REPUBLIC FLOUR MILLS WORKERS ASSOCIATION vs. THE HONORABLE JUDGE ANDRES REYES

Posted: May 1, 2015 in case digests, labor relations
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G.R. No. L-21378           November 28, 1966

REPUBLIC FLOUR MILLS WORKERS ASSOCIATION &  PAFLU vs. THE HONORABLE JUDGE ANDRES REYES and AIA FEED MILLS, INC.

 

FACTS:

Respondent AIA Feed Mills, Inc. filed a petition for injunction before the CFI of Rizal, alleging, among others, that petitioner unions declared a strike against their employer, RFM and picket lines were formed around the premises of the company preventing the peaceful passing of other persons not connected with said employer.

Respondent is a lessee occupying a parcel of land owned by RFM.

It claimed that it is a completely different corporation from RFM with a different set of officers and employees; and there was no employer-employee relation between the striking employees and respondent; and that due to the picket lines formed by the striking unions the employees of herein respondent could not enter and leave its premises “thereby causing the same to stop its operation which constitute an invasion of its property rights and therefore causing irreparable and substantial damages.

Petitioners, Republic Flour Mills Workers Association and PAFLU, filed a motion to dismiss, arguing that the injunction prayed for by herein respondent is a “labor injunction” and because the petition for injunction failed to allege the jurisdictional requisites provided for in Section 9 (b) of Republic Act 875 it is fatally defective and, therefore, should be dismissed.

The respondent Judge found that AIA Feed Mills, Inc. is a distinct and separate entity from the RFM., that it has a distinct personnel of its own, that it was engaged in a different business, and that petitioner unions’ picketing had no connection whatsoever with herein respondent. Based on said findings, the respondent Judge issued the writ of preliminary injunction.

Petitioners then filed a petition for certiorari with the SC, with preliminary injunction, seeking to set aside the order of the respondent Judge Andres Reyes of the Court of First Instance of in issuing a writ of preliminary injunction “ordering and commanding the defendants to desist from preventing the petitioner’s employees from entering its premises.

Petitioners contend that the respondent AIA Feed Mills, Inc. is a subsidiary corporation of RFM; that it is located at the very site and compound of the latter, the entrance to, and the walls of, the compound being common to both entities; that the operations of the former and of the latter were intermingled and complementary, including an interchange of employees; thus the picketing of one necessarily is extended to both.

AIA Feed Mills, Inc. alleged that it is a business entity distinct and separate RFM, Inc., that there is no employer-employee relation between it and the striking members of the petitioner labor unions and no labor dispute exist between it and the striking and picketing employees; that the picketing was not a peaceful one because the picketing members of petitioners unions were employing violence against the employees of respondent.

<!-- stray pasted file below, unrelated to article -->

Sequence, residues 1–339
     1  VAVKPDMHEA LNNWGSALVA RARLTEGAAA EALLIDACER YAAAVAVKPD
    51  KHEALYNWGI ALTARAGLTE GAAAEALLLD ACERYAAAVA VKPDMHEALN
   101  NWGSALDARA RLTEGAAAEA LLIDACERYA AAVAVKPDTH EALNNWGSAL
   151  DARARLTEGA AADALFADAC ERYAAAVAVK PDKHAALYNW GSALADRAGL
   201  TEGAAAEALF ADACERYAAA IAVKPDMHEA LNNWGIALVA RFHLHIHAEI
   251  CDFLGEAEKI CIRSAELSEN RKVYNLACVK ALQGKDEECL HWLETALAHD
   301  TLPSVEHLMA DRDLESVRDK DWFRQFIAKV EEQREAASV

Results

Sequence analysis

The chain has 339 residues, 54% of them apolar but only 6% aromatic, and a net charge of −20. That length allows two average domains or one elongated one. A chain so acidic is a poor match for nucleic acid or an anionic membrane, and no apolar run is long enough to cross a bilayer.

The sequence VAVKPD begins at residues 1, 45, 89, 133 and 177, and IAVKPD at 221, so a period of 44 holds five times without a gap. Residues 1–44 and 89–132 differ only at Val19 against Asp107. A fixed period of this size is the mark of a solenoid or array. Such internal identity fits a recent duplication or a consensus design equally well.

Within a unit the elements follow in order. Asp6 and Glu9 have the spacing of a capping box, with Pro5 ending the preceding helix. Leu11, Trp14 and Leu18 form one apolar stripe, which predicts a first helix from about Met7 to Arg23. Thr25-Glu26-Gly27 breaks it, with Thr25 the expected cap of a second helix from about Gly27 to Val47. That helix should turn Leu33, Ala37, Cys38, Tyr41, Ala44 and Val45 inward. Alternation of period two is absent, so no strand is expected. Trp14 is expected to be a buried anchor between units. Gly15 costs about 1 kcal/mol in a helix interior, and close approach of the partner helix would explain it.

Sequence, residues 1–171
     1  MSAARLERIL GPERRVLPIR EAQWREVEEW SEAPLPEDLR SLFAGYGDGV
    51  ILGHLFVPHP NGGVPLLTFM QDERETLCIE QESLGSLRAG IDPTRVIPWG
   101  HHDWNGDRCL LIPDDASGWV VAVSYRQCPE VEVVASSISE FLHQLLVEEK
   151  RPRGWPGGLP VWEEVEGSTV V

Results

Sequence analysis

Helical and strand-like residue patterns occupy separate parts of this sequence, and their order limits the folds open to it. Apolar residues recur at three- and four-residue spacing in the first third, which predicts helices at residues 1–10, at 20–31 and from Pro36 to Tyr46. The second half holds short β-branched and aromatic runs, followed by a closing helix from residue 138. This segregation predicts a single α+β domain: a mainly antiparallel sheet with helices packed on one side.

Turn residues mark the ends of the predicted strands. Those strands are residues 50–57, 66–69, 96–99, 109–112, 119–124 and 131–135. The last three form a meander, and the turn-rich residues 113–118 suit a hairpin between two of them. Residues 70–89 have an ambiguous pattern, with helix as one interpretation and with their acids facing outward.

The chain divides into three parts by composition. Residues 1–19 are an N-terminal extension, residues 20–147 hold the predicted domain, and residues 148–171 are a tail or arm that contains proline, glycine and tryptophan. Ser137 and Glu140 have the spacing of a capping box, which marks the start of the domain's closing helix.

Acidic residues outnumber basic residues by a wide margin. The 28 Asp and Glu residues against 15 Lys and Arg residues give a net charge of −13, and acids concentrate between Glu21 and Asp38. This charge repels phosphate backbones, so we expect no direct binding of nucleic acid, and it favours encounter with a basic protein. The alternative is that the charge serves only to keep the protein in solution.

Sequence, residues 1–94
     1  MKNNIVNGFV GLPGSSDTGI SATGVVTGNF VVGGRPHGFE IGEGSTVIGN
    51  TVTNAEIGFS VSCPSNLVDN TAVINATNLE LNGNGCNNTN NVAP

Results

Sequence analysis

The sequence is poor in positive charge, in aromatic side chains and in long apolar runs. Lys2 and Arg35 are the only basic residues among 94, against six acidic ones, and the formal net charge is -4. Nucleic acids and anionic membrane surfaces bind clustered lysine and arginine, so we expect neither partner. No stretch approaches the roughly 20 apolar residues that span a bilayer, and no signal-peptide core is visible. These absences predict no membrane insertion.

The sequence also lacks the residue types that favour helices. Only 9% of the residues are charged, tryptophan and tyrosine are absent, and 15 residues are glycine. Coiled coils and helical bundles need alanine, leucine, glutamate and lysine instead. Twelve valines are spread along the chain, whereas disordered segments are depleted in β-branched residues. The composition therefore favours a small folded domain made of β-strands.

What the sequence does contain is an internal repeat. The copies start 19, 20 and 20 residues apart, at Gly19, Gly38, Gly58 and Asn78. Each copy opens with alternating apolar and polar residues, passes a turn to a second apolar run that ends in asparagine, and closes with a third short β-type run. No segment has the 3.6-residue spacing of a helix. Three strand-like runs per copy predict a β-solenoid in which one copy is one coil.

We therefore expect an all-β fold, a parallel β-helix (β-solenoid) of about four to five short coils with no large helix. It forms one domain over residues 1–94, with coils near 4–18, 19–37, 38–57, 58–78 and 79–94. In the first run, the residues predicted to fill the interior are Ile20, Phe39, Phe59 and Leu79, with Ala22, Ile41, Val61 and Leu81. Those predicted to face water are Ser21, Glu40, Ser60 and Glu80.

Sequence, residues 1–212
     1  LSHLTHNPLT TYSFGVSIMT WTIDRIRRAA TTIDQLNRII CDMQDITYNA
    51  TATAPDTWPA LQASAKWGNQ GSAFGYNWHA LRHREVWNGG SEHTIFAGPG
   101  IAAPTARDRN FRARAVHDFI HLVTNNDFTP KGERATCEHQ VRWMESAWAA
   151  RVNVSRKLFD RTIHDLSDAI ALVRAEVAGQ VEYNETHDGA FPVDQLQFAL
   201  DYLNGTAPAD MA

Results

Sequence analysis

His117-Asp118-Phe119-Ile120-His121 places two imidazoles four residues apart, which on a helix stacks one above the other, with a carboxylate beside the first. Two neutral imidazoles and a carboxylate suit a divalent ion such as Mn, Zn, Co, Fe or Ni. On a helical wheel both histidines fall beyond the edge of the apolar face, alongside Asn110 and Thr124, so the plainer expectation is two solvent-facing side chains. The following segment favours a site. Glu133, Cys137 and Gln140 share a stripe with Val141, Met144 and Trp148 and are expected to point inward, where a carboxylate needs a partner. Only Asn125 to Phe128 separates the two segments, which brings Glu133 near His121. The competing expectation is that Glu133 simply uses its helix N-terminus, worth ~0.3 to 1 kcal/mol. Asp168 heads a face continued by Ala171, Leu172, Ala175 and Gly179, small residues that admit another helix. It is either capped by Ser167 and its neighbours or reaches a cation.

ISSUE:

Whether or not the respondent Judge of the Court of First Instance of Rizal had jurisdiction to issue the writ of preliminary injunction in question, or whether or not it had acted with abuse of discretion in issuing said injunction.

HELD:

No. Respondent AIA Feed Mills, Inc. is a distinct and separate entity from, the Republic Flour Mills, Inc., with distinct personality of its own from the latter corporation, including the business in which it is engaged, and the picketing by the petitioner unions has no connection whatsoever with respondent AIA Feed Mills, Inc.

There is no labor dispute between the petitioners and respondent AIA Feed Mills, Inc., and neither is there an employer-employee relation between them.

The Court declared that the writ of preliminary injunction issued by the respondent Judge is not a labor injunction that is provided for in Section 9, paragraph (d) of Republic Act 875. The court may issue an injunction, whether temporary or permanent, as provided in said section of Republic Act 875, only in a case involving or growing out of a labor dispute.

No labor dispute existed between the petitioner unions and the respondent AIA Feed Mills, Inc. The preliminary injunction issued by the respondent Judge was, therefore, one that was within its jurisdiction to issue pursuant to the provisions of Rule 60 of the Rules of Court (now Rule 58 of the Revised Rules of Court.)

The writ of preliminary injunction issued by the respondent Judge did not in any way curtail the right of petitioner unions to picket, because the writ simply and clearly ordered and commanded the petitioner unions “to desist from preventing AIA Feed Mills;  employees from entering its premises.

The writ did not prevent petitioner unions from picketing against their employer, the Republic Flour Mills, Inc. The record shows that the respondent Judge issued the writ of preliminary injunction after a hearing. The respondent Judge, therefore, had not acted in a manner that was in violation of the law or with grave abuse of discretion when he issued the writ of preliminary injunction in question.

LABREL CASE DIGEST POOL / ATTORNEY JHONELLE ESTRADA / MONDAYS / 5:30 PM TO 8:30 PM / NEW ERA UNIVERSITY COLLEGE OF LAW

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